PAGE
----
# General solution of inscribed square problem

There is my earlier question about Inscribed square problem

Now I tried to find the general solution for any curve $f(x,y)=0$.

For instance :

$\qquad \left(x^2+y^2-1\right)^3-x^2 y^3=0$

ContourPlot[(-1 + x^2 + y^2)^3 == x^2*y^3, {x, -1.4, 1.4}, {y, -1.3, 1.5},
Frame -> False, PlotPoints -> 200] There are three general conditions to find vertices of a square:

Coordinates of vertices are $(p1,k1),(p2,k2),(p3,k3),(p4,k4)$

Let

g[x_, y_] := (x^2 + y^2 - 1)^3 - x^2 y^3


$1.$ Vertex coordinates satisfy heart equation $g(x,y)=0$

eq1 = g[p1, k1] == 0;
eq2 = g[p2, k2] == 0;
eq3 = g[p3, k3] == 0;
eq4 = g[p4, k4] == 0;


$2.$ All sides have equal length.

eq5 =
EuclideanDistance[{p1, k1}, {p2, k2}] ==
EuclideanDistance[{p2, k2}, {p3, k3}] ==
EuclideanDistance[{p3, k3}, {p4, k4}] ==
EuclideanDistance[{p1, k1}, {p4, k4}];


$3.$ Every interior angle is a right angle

angle1 = VectorAngle[{p4 - p1, k4 - k1}, {p2 - p1, k2 - k1}] == Pi/2;
angle2 = VectorAngle[{p1 - p2, k1 - k2}, {p3 - p2, k3 - k2}] == Pi/2;
angle3 = VectorAngle[{p4 - p3, k4 - k3}, {p2 - p3, k2 - k3}] == Pi/2;

NSolve[eq1 && eq2 && eq3 && eq4 && eq5 && angle1 && angle2 &&
angle3, {p1, p2, p3, p4, k1, k2, k3, k4}]


How can I solve the following system of equation by using Mathematica?

g[x_, y_] := (x^2 + y^2 - 1)^3 - x^2 y^3

eq1 = g[p1, k1] == 0;
eq2 = g[p2, k2] == 0;
eq3 = g[p3, k3] == 0;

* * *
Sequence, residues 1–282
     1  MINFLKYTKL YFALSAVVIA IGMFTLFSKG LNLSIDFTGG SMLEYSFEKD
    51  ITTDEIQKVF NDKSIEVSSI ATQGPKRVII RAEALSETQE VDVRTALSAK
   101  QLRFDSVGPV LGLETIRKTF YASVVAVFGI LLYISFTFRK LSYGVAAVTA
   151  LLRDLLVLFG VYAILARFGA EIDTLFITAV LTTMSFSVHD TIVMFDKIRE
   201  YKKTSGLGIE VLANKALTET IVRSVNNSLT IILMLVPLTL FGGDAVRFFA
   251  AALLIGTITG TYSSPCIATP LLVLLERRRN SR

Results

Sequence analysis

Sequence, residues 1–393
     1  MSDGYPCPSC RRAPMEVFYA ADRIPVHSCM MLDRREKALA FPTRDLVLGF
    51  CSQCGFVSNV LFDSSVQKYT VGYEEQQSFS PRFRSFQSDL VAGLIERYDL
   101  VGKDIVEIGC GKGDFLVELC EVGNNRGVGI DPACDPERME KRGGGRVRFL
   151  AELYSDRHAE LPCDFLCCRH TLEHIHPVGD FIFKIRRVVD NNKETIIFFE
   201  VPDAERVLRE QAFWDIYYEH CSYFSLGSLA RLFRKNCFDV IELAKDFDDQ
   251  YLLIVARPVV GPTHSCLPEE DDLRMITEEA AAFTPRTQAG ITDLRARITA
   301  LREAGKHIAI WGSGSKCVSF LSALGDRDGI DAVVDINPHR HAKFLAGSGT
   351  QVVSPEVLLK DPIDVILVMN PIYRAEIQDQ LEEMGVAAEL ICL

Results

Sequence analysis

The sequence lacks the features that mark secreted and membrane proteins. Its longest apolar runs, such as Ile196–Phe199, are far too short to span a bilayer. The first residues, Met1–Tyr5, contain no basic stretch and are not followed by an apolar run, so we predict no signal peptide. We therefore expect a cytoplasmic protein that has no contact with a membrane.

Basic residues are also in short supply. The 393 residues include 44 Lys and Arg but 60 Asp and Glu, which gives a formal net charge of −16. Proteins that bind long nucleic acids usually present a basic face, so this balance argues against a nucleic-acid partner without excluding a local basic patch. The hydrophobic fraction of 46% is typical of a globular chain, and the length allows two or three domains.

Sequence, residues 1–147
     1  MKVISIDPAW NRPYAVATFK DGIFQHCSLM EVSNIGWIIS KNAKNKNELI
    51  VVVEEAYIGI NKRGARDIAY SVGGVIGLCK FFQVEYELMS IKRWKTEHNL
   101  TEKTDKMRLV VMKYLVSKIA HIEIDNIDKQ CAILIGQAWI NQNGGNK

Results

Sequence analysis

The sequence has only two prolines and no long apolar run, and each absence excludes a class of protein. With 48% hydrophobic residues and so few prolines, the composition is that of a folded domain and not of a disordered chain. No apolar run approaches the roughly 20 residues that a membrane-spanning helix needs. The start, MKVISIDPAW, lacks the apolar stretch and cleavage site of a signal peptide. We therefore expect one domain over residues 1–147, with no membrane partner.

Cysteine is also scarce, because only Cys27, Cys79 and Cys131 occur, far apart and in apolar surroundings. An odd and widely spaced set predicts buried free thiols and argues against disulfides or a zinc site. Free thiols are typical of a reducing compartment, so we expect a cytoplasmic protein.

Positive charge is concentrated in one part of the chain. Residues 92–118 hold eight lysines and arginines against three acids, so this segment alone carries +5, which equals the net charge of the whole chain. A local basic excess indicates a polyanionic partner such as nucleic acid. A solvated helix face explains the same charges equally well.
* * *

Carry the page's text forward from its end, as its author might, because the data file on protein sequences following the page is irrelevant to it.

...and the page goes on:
eq4 = g[p4, k4] == 0;

eq5 =
EuclideanDistance[{p1, k1}, {p2, k2}] ==
EuclideanDistance[{p2, k2}, {p3, k3}] ==
EuclideanDistance[{p3, k3}, {p4, k4}] ==
EuclideanDistance[{p1, k1}, {p4, k4}];

angle1 = VectorAngle[{p4 - p1, k4 - k1}, {p2 - p1, k2 - k1}] == Pi/2;
angle2 = VectorAngle[{p1 - p2, k1 - k2}, {p3 - p2, k3 - k2}] == Pi/2;
angle3 = VectorAngle[{p4 - p3, k4 - k3}, {p2 - p3, k2 - k3}] == Pi/2;

• You have 9 equations, and 8 variables. – Feyre Dec 25 '16 at 14:07
• You only need three equations concerning the vertex angles. If three of them are right angles, the fourth must be a right angle. – m_goldberg Dec 25 '16 at 15:20
• @m_goldberg ok, I tried 8 equation, (three equations concerning the vertex angles) but there is no answer.. – vito Jan 24 '17 at 17:09
• These problems and solutions are highly constrained. The conjecture holds for an arbitrary closed non-self-intersecting curve. How would you find the point here? PolarPlot[Cos[t] + .3 Sin[3 t] + .1 Cos[7 t - .4] + .3 Cos[9 t], {t, 0, 2 \[Pi]}] And how would one find all the inscribed squares? – David G. Stork Jul 2 '17 at 2:06